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Sharad Yadav faces a difficult choice to stay or leave JD(U)
By Satish Misra
Politics in India is so uncertain these days that it is almost impossible to make even intelligent guesstimates. A classic case in point is of the veteran socialist leader Sharad Yadav whose friends and even foes are currently busy in guessing games over his next move that may or may not boost the prospects of the much needed opposition unity that received a serious jolt last week from Bihar Chief Minister Nitish Kumar's quick move to join hands with the BJP.

Going by present indications and past record, what course Yadav is going to take in coming days is not easy to predict but there is undoubtedly a rift of serious difference of opinion between him and Janata Dal (U) supremo Nitish Kumar then he should be hitting the road.

The former JD (U) president had called Kumar's decision to move to the BJP to remain the chief minister "unfortunate" saying that "I don't agree with the decision". "The mandate was not for this", he had asserted.

Going from his words, conclusion would be that he is unhappy with course of events and he should part company with the JD (U) and go his own way. He has also been meeting senior leader of the Congress, Samajwadi Party, CPM and Rashtriya Janata Dal that again should ideally be an indication of rebellion from his present political affiliation.

An enigma that Yadav is, nobody is willing to take a chance to predict his future course of action. He has been maintaining a studied silence telling publically that he is meeting people and is in process of arriving at a decision. Yadav, a student leader, entered into active politics in 1974 when he contested a parliamentary bye-election from Jabalpur in Madhya Pradesh. Since then, he has been in and out of the parliament. He has won and lost Lok Sabha election as he has been elected to the upper house from MP, UP and Bihar. He was a minister in Janata Dal government of Prime Minister V P Singh and then again a cabinet minister in Prime Minister Atal Bihar Vajpayee government.

Yadav is the founder president of the JD (U) continued to hold the post until recently when Nitish became the party chief. At present, he is the member of the upper house elected on a JD (U) ticket. What has irritated the 70 old politician, who has seen many ups and down in his active political career, is the fact that Kumar did not bother to consult him before swiftly moving back to the NDA. He was kept in dark over such a significant decision by the Chief Minister, Yadav has confided to his close associates.

Kumar, who after his breaking away from the NDA after a 17-year long alliance with the BJP in 2013 and the crushing defeat of the JD (U) in the 2014 Lok Sabha polls, had formed a grand alliance with the RJD and the Congress. The grand alliance had defeated the BJP in 2015 assembly elections.

Both Kumar and Yadav were actively pleading for the opposition unity to take on the BJP nationally as well as in different state assembly elections. The JD (U) leaders event went to the extent of stressing for a common candidate in the presidential election but Kumar made a somersault when he extended his party's support to the NDA candidate Ram Nath Kovind.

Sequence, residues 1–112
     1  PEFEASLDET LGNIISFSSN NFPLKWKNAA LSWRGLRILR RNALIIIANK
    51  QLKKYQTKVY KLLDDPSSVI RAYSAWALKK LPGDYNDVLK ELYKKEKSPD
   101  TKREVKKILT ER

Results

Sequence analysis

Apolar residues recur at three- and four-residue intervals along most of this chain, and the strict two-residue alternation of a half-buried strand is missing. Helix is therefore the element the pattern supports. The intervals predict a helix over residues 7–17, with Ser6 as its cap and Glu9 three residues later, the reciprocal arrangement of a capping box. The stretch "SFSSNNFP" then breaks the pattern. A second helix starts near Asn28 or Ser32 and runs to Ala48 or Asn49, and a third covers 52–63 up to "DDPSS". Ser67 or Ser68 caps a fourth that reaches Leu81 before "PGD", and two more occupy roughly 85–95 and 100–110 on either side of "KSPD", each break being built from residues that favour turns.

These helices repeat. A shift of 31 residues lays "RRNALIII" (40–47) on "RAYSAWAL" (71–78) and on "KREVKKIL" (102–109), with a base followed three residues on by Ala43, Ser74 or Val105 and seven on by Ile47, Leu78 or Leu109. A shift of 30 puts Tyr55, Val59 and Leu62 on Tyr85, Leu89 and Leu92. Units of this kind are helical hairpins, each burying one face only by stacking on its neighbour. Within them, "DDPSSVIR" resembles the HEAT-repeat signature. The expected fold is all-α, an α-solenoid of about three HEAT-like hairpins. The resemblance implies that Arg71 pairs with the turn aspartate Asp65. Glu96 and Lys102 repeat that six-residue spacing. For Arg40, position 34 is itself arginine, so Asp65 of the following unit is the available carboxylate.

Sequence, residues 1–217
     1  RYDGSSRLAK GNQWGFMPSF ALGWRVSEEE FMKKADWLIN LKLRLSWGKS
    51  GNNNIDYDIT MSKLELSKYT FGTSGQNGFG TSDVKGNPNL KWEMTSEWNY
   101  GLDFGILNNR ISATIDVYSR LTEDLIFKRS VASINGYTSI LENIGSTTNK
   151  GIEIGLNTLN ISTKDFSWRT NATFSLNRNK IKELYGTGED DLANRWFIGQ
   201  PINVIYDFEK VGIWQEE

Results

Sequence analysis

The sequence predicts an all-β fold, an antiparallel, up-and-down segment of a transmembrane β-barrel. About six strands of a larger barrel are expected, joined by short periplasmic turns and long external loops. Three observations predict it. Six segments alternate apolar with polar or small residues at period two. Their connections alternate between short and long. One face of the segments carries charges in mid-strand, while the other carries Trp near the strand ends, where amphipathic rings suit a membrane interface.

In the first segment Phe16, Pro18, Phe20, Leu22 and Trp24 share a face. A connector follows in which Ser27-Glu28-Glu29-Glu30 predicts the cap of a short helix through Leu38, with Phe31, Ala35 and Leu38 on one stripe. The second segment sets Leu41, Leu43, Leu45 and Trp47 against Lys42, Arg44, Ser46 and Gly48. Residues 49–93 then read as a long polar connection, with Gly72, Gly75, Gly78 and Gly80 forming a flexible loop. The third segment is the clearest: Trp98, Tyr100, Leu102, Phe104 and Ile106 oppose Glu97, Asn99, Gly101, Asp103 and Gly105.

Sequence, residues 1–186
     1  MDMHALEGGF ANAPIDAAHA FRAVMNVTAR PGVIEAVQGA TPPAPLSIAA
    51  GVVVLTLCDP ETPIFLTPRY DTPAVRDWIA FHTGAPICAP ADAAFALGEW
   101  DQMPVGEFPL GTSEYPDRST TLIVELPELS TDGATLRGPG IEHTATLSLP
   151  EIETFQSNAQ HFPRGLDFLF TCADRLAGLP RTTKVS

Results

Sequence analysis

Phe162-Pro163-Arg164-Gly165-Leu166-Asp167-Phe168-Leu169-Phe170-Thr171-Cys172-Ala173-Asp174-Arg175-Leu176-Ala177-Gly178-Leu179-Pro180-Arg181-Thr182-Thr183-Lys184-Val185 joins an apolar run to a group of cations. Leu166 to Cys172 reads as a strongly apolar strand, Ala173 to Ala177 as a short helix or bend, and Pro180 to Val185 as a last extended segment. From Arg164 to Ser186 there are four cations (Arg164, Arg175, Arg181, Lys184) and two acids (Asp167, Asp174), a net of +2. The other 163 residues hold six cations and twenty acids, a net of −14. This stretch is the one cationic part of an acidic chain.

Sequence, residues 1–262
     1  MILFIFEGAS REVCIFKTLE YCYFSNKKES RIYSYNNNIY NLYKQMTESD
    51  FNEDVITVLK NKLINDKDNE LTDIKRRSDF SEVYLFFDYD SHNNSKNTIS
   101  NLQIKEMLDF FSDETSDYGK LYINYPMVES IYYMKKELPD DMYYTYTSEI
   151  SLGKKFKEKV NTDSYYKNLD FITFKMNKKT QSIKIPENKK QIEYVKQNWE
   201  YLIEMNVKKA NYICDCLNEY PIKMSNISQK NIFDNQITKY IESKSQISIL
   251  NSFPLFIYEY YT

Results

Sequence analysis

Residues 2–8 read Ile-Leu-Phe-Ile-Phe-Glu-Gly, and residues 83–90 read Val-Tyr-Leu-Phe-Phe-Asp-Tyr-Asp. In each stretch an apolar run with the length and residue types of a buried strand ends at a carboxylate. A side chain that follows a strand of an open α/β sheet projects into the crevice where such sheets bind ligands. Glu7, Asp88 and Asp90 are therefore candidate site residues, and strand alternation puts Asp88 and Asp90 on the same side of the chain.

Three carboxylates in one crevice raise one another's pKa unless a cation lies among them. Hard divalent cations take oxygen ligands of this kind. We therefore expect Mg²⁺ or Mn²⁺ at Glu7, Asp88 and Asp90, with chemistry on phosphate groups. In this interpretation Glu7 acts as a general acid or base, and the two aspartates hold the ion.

Yadav had been telling leaders of the 18 party alliance that the JD (U) was firmly in the alliance that was being formed to oppose the BJP-led NDA. Kumar's decision has embarrassed Yadav hugely as it has been a big loss of face to Yadav but then charting a new political path like forming a new party is not a very comfortable option particularly at his age.

Yadav, who has reportedly been offered a cabinet berth in the Modi government, seems to be in two minds. He has to decide and choose between his conviction and comfort. Politically, he will be more at home in the opposition camp but remaining in the JD (U) will ensure a smooth life and his past association with the BJP does not put hurdles on such a path.

A rebel within him is propelling him to venture out and make history. Faced with the dilemma, Yadav is currently weighing pros and cons of the two options available to him at present.

Next 20 days are going to reveal which way veteran of many political battles would decide to go. He has clearly said that he would attend the JD (U) national executive meeting in Patna on August 19 if invited. JD (U) general secretary K C Tyagi has, meanwhile, confirmed that an invitation has already gone to Yadav.

While tone and tenor of Yadav's speech at the JD(U) national executive meeting would clearly indicate the direction that he is going to take but whether Bihar Chief Minister is able to offer a deal that is attractive enough would also be crucial. The RJD has also invited him to attend the anti-BJP rally in Patna on August 27 where leaders of all the major opposition parties are going to participate. If the RJD chief Laloo Prasad is arrested by then and is sent to jail, the anti-BJP rally would become politically more significant.

Choices are not easy for Yadav particularly at a time when the opposition is in disarray and it seems that the BJP is going to win the 2019 Lok Sabha election. On the one hand, there is the option of going with an authoritarian leadership of the Prime Minister where there is hardly any scope for dissent. In the NDA, Yadav would have to maintain a low profile while enjoying comforts of power. If he decides to go with the opposition to save the idea of India and lead the struggle for preserving the liberal and secular ethos of the country, personal life is going to be difficult and rough. Having matured in politics for over four decades, decision of seasoned Yadav would definitely determine the course of opposition politics in the country.

Dr. Satish Misra is a Veteran Journalist & Research Associate with Observer Research Foundation.


News Updated at : Friday, August 11, 2017
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